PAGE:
never thinks of him again. His rare thought of her is an impersonal vision of her as an

inhabitant of “the walled city” of wealth, which he had once occupied, rather than any

memory of a lover or companion. Until now, Carrie has completely changed. When
she left Drouet, she wondered whether it was right or wrong. When Carrie has left

Hurstwood, she felt sad and sorry for him. Because Hurstwood had offered her help,

without which Carrie could not make success. However, now, she has changed. She

became unsympathetic. “In her life, money and position are the most important

material. This is the result of the social environments. Carrie becomes a victim of

American society and American dream.”⑨ Of course, we indeed learn lessons from


       Individualist realizes that this thing primarily stands for and should be accepted

as a moral due that it should be paid out honestly as the stored energy, but not as a

usurped privilege. Many of our social religions and political troubles will pass away

permanently. “The old definition of „Money‟--something everybody else has and I

must get, too.”⑩ expresses Carrie‟s understanding thoroughly. Under the lure of

money, she has fallen into the abyss of materials. Living in such social environment,

Carrie has been completely poisoned by pure material enjoyment.

       A lovely home atmosphere is one of the flowers of the world, in which there is

nothing tender, nothing more delicate and nothing more calculated to make strong and

just the natures cradled and nourished with it. The impetus of having luxurious life

and getting more money leads Carrie into the big city. The desire for luxurious family

life makes her lose the basic principles of human morals and become the final slave of


       In her mind, the family life in the big city is happy and comfortable. However,

the fact of her sister‟s family disappointed her very much. Her sister and
brother-in-law live in a small closet and “Mrs. Hanson, after the first greetings were

over, gave Carrie the baby and proceeded to get supper. Her husband asked a

few questions and sat down to read the evening paper. He was a silent man, American

born, of a Swede father, and now employed as a cleaner of refrigerator cars at the

stock-yards. To him the presence or absence of his wife's sister was a matter

of indifference. Her personal appearance did not affect him one way or the other.”

They lack money, suffering the pressure from the work. Living in her sister‟s family

she must pay for the board and dinner. At first Carrie had no work and no money.

Therefore when Drouet gave her money and provided her broad and bright apartment,

she accepted them.

     After Carrie‟s eloping with Hurstwood to New York, Hurswood loses all his

money and his competition. To the extremely contrast, Carrie‟s disappointment with

the flat is even greater. She becomes an actress. She can earn more and more money.

However, Hurstwood is a mouse in the church. He has no work and loses the precious

elegance. Carrie becomes disgusted with such a man, “such a family”. After finding a

job, Carrie becomes delighted. She feels that she has gained the social position in the

world. People recognize one‟s ability. With her state‟s changing, the home atmosphere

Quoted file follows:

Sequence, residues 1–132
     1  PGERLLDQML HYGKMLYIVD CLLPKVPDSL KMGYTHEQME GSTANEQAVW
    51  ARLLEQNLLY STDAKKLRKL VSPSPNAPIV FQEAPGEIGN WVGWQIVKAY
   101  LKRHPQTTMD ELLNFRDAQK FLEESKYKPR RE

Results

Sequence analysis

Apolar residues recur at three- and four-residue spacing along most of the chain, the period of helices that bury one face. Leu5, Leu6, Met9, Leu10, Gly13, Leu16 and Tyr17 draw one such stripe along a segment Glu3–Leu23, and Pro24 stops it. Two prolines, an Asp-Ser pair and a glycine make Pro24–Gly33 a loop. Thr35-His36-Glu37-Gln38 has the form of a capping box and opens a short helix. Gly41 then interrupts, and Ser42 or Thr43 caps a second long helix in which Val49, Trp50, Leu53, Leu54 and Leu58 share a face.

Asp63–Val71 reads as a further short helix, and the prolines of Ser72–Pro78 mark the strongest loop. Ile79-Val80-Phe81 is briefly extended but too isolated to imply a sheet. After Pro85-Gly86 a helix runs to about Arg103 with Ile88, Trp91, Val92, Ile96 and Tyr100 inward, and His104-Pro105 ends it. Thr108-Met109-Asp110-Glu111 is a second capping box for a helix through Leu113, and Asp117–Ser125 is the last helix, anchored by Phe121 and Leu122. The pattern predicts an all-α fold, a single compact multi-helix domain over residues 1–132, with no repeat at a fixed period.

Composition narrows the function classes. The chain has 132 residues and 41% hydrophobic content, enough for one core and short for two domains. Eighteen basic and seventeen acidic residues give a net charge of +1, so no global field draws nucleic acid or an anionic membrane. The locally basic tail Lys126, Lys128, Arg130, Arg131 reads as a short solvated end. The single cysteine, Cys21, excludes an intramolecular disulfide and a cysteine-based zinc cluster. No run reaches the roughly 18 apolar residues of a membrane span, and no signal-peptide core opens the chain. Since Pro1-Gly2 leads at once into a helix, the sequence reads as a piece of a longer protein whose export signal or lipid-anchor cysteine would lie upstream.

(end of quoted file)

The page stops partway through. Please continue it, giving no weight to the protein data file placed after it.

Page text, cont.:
becomes into her able. “It is all poverty and trouble there. It becomes a place to keep

away from. It is a sitting place for Hurstwood. He sits and rocks, rocks and reads,

enveloping in the gloom of his own fate. The cruel and poor family atmosphere and

the desire for better life induced Carrie to abandon her family unsympathetically.
     Sister Carrie ends with an unlikely Carrie, a young woman, who has found

everything she wants. In Chicago, a fixed relationship between stimulus and response

determines female behavior and transform an innocent young American woman, a

small town girl from the Midwest, into a consumer. Her desire, her insatiability seems

synonymous with a sense of lack she finds irreducible, seeing what others have and

she lacks, this unconsummated and consuming woman believes that she must have

more, and that having more will allow her to become more and more the person she

sees herself capable of becoming. This desire for self-actualization a culturally

inscribed individualistic desire turns Carrie into a consuming woman whose genetic

similarities should not remain hidden by differences in appearance. In Dreiser‟s novel,

poor Sister Carrie accepted two soft, green, handsome ten dollar bills for desirous self,

and when she had “in hand” a hundred and fifty dollars, Sister Carrie, the actress

found herself rich beyond belief and, for a moment‟s happy.

   The end of Sister Carrie shows Dreiser‟s Carrie, the naive poor country girl has

arrived at “her final success” at the cost of her purity and conscience. However, what

is the essence and importance of this? Of course we must admit that Carrie is rich in

material at last. But, what is the use just for material success and luxurious life style?

Rocking in her chair, she feels confused with her future. We arrive at the conclusion

that, spirit, morality, purity and conscience are more important. If most people pay

their extreme attention to money, if most people lose the basic principles as human

beings, if most people reach the material success by hooks and cooks, we dare not

imagine what real happy we can get?
   By writing this paper, we take it for granted that the influence of the social

environments is overwhelming. We also take it for granted that it is inevitable, for the

people, who live in certain society must be affected by the social environments.